Idaho man becomes first combat-amputee veteran to summit world's tallest mountain

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After trying twice to reach the top of Mount Everest, an Afghanistan war veteran and Idaho native became the first combat-amputee veteran to summit the world's highest mountain Thursday.

Charlie Linville, 30, twice tried to climb Mount Everest but never made it due to devastating natural disasters on and near the world's highest mountain.

Linville -- whose climbs have been sponsored by The Heroes Project, a nonprofit organization that helps wounded veterans -- finally reached the summit Thursday, according to the organization. Linville lost his lower leg in combat while serving in Afghanistan.

"The team is healthy and safe and currently descending the mountain," the Heroes Project said in a statement.

The team that included Linville arrived at Everest Basecamp on April 17, and encountered delays from a snowstorm before arriving at Advanced Basecamp (ABC) on May 2, according to the group.

Once at the Advanced Basecamp, the group focused on acclimation training to get their bodies adjusted to the conditions at 21,300 feet before starting their climb earlier this week. Eventually, the climbing group began their summit push in the late evening on Wednesday.

In January, Linville told the Idaho Statesman newspaper he hoped his climb would serve as in inspiration to others.

"I really found a passion to show people that anything's possible, no matter what you do," he sid.

"I hope to inspire other people and get them to get up and accomplish whatever they want to do in their life," he told the newspaper.

Staff Sgt. Linville, who joined the Marine Corps two years after high school, signed up to become an Explosive Ordnance Disposal Technician, disarming improvised explosive devices, or IEDs, according to the paper.

On Jan. 20, 2011, Linville and his team were tasked with a routine detonation -- not immediately realizing there was an IED hidden beneath another one.

“I remember stepping on it, I remember the distorted boom in my ears, and being out of it and waking up," Linville told the Statesman.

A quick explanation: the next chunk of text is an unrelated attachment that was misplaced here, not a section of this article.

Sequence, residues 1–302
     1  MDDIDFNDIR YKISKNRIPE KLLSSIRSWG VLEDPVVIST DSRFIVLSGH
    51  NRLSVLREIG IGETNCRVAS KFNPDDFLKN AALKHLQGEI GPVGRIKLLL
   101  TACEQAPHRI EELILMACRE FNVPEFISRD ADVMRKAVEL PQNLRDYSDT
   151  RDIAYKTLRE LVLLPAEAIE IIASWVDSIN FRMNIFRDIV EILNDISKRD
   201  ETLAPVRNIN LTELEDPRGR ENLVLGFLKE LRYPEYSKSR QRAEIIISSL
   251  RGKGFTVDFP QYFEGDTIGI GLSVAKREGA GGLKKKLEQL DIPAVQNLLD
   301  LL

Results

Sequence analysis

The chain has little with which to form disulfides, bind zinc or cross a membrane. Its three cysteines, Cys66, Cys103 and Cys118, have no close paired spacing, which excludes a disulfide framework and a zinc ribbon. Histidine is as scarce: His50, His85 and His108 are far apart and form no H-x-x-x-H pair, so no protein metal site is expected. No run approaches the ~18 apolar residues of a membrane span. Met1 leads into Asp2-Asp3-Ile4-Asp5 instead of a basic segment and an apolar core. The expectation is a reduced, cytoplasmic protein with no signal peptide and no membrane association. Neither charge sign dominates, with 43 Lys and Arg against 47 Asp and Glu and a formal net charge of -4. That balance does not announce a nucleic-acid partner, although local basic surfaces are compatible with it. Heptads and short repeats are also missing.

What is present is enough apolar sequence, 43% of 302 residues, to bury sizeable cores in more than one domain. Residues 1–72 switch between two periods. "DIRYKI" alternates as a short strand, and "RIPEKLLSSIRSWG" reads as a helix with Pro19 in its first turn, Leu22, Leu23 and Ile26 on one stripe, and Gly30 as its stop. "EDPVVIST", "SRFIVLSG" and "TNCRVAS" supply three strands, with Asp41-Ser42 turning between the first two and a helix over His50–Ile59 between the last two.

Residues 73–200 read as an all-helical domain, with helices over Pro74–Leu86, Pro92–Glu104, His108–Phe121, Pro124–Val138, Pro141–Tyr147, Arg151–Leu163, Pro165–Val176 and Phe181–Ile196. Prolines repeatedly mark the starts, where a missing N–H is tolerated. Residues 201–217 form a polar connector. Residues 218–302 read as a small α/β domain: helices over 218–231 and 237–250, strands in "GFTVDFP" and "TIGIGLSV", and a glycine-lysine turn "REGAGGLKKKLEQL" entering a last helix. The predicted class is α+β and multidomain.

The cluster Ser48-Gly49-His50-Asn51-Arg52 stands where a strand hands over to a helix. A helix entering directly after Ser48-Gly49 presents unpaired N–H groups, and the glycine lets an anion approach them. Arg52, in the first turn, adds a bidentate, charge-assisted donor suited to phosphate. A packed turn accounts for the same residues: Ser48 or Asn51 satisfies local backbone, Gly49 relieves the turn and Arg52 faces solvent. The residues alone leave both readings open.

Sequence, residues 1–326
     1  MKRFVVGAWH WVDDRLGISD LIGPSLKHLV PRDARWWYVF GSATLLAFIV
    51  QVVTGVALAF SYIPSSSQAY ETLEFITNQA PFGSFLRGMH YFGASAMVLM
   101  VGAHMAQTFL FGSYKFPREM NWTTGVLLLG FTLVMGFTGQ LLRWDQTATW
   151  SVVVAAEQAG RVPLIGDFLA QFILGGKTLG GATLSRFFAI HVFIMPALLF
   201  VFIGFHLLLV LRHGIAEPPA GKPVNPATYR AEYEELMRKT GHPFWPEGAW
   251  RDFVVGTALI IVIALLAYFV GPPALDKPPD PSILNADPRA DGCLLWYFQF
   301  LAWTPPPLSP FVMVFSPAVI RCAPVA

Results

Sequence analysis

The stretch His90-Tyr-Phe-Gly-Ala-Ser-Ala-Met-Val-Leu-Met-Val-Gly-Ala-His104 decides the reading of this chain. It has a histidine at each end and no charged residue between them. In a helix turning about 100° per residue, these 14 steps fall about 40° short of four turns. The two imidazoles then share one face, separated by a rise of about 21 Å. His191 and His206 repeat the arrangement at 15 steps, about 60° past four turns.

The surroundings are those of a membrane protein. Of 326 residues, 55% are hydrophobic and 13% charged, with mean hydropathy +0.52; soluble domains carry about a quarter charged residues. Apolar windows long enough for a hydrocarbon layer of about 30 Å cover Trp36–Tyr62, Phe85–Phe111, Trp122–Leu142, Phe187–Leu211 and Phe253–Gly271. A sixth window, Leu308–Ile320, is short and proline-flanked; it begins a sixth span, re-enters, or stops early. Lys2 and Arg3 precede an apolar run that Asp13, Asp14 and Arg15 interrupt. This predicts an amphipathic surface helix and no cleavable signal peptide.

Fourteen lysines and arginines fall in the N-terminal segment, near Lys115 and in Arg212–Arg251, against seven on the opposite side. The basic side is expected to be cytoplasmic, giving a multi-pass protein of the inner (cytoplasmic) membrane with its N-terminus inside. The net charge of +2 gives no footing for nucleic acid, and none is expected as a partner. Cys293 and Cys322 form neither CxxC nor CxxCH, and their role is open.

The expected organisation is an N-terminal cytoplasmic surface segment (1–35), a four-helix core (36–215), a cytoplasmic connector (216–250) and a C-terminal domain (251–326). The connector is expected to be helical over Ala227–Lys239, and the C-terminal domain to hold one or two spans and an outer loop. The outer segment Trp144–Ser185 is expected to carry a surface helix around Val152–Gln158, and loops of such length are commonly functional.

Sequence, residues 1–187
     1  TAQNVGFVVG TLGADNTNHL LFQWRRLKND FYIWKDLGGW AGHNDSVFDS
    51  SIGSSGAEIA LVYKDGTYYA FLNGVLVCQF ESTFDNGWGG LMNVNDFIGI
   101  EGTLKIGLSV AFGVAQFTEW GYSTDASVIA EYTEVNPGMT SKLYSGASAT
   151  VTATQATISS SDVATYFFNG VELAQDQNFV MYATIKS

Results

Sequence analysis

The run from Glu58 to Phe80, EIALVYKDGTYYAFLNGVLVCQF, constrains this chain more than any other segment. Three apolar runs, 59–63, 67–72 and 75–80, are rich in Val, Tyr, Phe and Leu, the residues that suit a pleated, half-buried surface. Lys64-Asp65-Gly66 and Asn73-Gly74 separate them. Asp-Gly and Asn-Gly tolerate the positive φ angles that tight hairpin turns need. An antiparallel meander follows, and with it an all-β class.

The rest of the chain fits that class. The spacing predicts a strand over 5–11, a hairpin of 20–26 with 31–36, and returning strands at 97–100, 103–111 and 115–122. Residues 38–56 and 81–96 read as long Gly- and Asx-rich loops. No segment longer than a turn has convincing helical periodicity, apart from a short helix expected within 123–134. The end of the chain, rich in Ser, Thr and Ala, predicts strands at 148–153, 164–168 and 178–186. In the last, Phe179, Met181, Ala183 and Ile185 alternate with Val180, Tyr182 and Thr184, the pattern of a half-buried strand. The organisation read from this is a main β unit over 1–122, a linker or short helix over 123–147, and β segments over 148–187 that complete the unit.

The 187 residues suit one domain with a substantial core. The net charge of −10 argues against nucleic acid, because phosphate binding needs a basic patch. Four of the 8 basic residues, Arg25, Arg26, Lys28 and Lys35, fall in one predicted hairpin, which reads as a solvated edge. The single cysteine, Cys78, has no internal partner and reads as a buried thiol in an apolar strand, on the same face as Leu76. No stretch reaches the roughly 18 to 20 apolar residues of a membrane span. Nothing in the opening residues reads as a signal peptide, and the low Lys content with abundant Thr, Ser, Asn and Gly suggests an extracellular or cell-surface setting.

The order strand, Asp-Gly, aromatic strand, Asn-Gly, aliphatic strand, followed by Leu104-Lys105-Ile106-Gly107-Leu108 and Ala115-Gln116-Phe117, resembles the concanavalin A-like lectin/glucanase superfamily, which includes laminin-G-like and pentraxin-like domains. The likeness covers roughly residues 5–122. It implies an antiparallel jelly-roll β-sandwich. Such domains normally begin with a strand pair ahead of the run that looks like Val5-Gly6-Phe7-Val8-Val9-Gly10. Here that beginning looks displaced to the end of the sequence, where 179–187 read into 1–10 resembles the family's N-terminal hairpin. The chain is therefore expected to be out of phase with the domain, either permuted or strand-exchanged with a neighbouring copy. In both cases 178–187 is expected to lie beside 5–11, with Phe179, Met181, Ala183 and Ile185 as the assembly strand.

“I can’t say why — my bomb didn’t fully detonate. If it had, I would have been a triple amputee and I would have died," he said.

Linville lost his right leg below the knee. His quest to climb the 22,000-foot peak began while recovering in his hospital bed.

"I got blown up and severely wounded and kind of sat in a hospital bed and couldn't figure out what I was going to do with this rest of my life and what could this body that I now have do," he told the newspaper. "And the answer kind of found me. Hey, go try to climb the world's tallest mountain and see if you can be successful."

Linville first attempted to climb Everest in 2014 but his efforts were thwarted when when an avalanche ripped through the Khumbu Icefall, killing 16 Nepalese guides and forcing officials at the time to close the mountain to climbers, according to the newspaper.

Shortly before Linville and his team tried to make the trek the following year, a 7.8 magnitude earthquake rocked Nepal, killing almost 2,000 people. The quake triggered avalanches on the mountain, which was once again closed to climbers.

Linville told the Idaho Statesman he hoped to  inspire others around the world who face physical and emotional challenges.

"If it just changes one person’s life, then all the misery, everything that has come with it, will be worth it. Maybe I’ll never know if it was worth it. I guess I’ll go on living my life thinking that it was," he told the paper.

Click for more from the Idaho Statesman.